Recent developments in understanding natural climate variability

Tim Andrews and Tatiana Potemina analysed the keys to assessing climate change impacts for insurers at the 2021 All-Actuaries Virtual Summit General Insurance Plenary.

Bushfires – not all years are equal

We all know that the number of bushfire events varies from year to year. But it’s not so obvious what drives this variability.

The Black Summer of 2020 followed exceptionally dry six months across most of Australia. One of the contributors to the dry weather was cooler than average sea surface temperatures in the Indian Ocean to the north west of Australia (reflecting the Indian Ocean Dipole in its positive state – known as ‘pIOD’). Similarly, both the Ash Wednesday (1983) and Black Saturday (2009) bushfires were preceded by a pIOD, leading to less rainfall in the lead up to the fire season.

The phase of the Indian Ocean Dipole (IOD) is important to understanding the bushfire risk in a particular year in Australia, but it’s not only the IOD that is important. Both the Black Summer and Ash Wednesday fires occurred during El Niño episodes, which reflect warmer than average sea surface temperatures in the central and eastern tropical Pacific Ocean and contribute to dry conditions on the east coast. So pIODs and El Niño episodes acting together increase the risk of bushfires even further.

In short, the frequency of pIOD and El Niño episodes are key to interpreting past bushfire trends, and how the frequency and intensity of pIOD and El Niño episodes change in future will be key to future bushfire trends. 

And it’s not just bushfires that are affected by the IOD and El Niño.

Natural climate variability

The IOD and the El Niño Southern Oscillation (ENSO) are two of the key types of natural climate variability that affect Australia, but not the only ones. Many of the variations in our climate that we notice reflect natural climate variability of different timescales varying from weekly to tens of thousands of years. For example, if you live on the east coast you would know that the 2021 summer (did we even have a summer?) was much wetter than in the previous year. The 2021 year was a La Niña year which typically brings more rainfall to Australia. Whilst not the only cause of the wetter conditions, a wetter summer was entirely consistent with what the scientists were telling us would happen before the summer started.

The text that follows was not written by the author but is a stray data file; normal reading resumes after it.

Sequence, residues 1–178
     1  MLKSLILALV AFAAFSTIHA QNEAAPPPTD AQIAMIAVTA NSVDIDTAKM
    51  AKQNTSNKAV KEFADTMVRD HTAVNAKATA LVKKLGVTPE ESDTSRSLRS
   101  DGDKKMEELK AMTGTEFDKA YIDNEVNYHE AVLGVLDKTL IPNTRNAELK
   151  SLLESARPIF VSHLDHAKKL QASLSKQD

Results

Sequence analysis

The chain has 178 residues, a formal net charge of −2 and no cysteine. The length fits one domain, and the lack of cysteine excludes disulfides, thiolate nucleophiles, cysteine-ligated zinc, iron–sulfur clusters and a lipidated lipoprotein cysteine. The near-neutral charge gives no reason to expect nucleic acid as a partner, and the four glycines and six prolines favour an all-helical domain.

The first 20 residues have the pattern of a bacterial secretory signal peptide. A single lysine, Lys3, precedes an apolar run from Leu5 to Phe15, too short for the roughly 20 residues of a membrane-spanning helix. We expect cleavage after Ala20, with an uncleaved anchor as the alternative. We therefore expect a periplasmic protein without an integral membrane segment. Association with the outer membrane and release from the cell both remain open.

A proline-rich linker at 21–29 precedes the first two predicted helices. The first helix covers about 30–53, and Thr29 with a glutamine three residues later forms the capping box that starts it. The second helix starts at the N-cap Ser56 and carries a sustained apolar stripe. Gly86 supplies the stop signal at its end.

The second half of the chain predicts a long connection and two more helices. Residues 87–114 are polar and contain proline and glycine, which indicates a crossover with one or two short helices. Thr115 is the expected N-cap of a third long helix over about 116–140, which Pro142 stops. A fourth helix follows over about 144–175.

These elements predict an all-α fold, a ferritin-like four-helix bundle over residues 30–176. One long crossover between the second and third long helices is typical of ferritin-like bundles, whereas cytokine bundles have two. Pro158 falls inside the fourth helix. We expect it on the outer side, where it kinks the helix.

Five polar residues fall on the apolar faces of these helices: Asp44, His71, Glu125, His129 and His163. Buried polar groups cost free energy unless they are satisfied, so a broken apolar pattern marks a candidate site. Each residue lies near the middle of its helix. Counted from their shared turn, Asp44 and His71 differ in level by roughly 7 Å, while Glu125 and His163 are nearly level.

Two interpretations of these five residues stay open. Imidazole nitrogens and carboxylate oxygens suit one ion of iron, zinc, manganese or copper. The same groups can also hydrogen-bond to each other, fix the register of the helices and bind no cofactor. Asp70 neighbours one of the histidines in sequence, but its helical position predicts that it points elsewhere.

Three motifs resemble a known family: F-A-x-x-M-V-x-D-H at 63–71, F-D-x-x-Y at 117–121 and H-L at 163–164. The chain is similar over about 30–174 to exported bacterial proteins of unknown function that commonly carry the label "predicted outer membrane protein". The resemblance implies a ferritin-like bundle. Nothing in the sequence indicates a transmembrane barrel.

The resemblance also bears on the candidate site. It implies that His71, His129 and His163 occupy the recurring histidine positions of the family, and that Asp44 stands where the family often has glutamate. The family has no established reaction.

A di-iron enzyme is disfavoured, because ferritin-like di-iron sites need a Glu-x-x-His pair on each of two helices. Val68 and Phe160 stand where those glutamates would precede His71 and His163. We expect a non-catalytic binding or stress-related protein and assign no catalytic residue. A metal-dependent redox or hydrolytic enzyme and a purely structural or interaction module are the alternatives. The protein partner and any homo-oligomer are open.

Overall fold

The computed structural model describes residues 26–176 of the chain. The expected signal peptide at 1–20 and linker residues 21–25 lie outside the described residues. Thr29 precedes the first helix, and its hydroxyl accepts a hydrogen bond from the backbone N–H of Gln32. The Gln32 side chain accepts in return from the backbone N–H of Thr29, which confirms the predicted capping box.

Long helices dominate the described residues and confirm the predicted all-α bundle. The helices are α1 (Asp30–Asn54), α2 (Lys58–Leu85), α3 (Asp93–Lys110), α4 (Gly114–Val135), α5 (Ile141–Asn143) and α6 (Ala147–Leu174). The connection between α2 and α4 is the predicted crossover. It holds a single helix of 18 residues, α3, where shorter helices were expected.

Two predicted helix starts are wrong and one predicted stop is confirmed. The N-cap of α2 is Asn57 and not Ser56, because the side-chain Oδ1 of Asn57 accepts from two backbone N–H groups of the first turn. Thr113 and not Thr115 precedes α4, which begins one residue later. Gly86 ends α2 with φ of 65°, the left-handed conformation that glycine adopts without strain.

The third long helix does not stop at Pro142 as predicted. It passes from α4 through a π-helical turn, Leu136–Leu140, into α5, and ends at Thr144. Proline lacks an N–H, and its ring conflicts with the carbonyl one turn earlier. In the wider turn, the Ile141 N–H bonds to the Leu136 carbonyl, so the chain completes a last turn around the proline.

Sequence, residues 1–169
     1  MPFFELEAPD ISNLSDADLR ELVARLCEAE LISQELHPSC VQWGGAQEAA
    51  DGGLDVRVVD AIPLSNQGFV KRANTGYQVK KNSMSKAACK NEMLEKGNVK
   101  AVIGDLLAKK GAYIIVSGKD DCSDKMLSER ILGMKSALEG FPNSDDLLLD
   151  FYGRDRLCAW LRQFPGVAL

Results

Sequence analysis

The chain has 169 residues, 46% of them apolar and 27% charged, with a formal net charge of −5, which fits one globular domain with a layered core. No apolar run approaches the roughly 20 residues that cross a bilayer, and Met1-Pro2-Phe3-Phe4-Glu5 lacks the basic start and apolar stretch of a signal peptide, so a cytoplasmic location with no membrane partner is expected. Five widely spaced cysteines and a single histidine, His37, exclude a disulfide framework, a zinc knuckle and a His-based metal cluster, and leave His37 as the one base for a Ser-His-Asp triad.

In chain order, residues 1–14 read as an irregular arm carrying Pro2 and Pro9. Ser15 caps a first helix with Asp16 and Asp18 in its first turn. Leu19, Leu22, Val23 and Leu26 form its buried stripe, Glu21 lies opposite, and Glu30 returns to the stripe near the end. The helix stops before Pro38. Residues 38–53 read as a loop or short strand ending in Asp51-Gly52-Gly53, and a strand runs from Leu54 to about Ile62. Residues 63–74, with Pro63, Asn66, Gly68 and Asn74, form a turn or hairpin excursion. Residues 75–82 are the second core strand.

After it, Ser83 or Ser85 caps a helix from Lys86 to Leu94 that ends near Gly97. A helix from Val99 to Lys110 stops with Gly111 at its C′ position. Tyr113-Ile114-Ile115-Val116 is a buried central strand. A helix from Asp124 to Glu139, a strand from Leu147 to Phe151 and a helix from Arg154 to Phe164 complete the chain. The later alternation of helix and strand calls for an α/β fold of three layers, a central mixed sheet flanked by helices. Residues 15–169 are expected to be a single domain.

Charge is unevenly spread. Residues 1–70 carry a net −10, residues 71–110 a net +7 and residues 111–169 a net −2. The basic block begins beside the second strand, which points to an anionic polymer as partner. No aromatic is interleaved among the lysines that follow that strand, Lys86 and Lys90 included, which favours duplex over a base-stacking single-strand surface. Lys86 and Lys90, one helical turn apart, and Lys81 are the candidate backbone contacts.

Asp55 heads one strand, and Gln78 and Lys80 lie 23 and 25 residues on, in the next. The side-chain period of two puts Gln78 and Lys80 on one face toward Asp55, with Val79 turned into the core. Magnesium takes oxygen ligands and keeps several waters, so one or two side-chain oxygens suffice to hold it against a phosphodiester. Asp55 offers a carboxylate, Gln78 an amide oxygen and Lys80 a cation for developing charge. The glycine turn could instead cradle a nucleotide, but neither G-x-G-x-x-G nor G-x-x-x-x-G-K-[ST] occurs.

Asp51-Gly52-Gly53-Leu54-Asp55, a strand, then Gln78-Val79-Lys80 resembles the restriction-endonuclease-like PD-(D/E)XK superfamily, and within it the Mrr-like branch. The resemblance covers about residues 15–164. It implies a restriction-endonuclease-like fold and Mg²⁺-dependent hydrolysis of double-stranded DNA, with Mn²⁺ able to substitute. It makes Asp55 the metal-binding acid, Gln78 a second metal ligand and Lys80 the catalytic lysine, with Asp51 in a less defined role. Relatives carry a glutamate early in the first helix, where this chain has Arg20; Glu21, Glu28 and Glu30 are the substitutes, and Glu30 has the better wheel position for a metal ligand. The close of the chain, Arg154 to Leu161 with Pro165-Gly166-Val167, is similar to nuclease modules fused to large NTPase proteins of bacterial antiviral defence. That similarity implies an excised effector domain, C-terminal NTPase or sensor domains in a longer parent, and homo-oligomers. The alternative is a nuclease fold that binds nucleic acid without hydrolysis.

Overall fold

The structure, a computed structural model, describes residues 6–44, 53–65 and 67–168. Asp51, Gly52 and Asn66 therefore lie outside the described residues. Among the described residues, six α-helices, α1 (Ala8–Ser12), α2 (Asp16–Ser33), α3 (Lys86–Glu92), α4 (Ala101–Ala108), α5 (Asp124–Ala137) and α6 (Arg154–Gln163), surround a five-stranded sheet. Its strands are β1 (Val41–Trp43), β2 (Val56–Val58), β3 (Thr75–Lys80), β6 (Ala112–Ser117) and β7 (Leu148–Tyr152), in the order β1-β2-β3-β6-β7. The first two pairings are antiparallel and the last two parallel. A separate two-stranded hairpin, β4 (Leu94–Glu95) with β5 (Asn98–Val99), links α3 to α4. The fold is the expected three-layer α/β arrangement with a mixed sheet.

The frequency of droughts, bushfires, cyclones, extratropical cyclones (including east coast lows), floods and thunderstorms are all affected to some extent by natural climate variability.

The link between natural climate variability and climate change impacts for insurers

The cost of natural hazard disaster claims for insurers between 2007 and 2020 was around double the cost in the period 1991 to 2006. When seen on a chart this may look like evidence of climate change impacts and some authors/presenters have placed this very interpretation on the data.  However, when normalized for the impacts of natural climate variability a quite different assessment might be made. In short, any assessment of climate change impacts from review of industry claims trends needs to take account of natural climate variability or risks getting it wrong.

Key questions for actuaries

Some of the key questions that flow from natural climate variability for actuaries are:

How much of the historical change in natural hazard costs reflects climate change, and how much is due to natural climate variability?

  • It is probable that most of the variation that we have recently experienced in natural hazard costs reflect natural climate variability and random variability. It is likely that there is also a signal in the data from climate change, but that this is difficult to identify as it is swamped by the variability from the other two sources.

How will climate change affect natural climate variability and what will the consequences be?

  • The science is telling us to expect more of the extreme natural variability episodes, which typically bring extreme weather of some sort. Plus, it seems the ENSO and the IOD will more often be in their dry phase, which may mean more droughts and more bushfires.

Can we predict the forthcoming weather seasons and use this in our budgeting, pricing and reinsurance purchase decisions?

  • Currently the prediction of future episodes is difficult beyond 6-12 months lead time. This limits its application for pricing and reinsurance, but may it be useful for setting natural peril allowances in the budget process. Machine learning methods applied to predict ENSO and IOD episodes have been on the rise and appear to deliver promising results.


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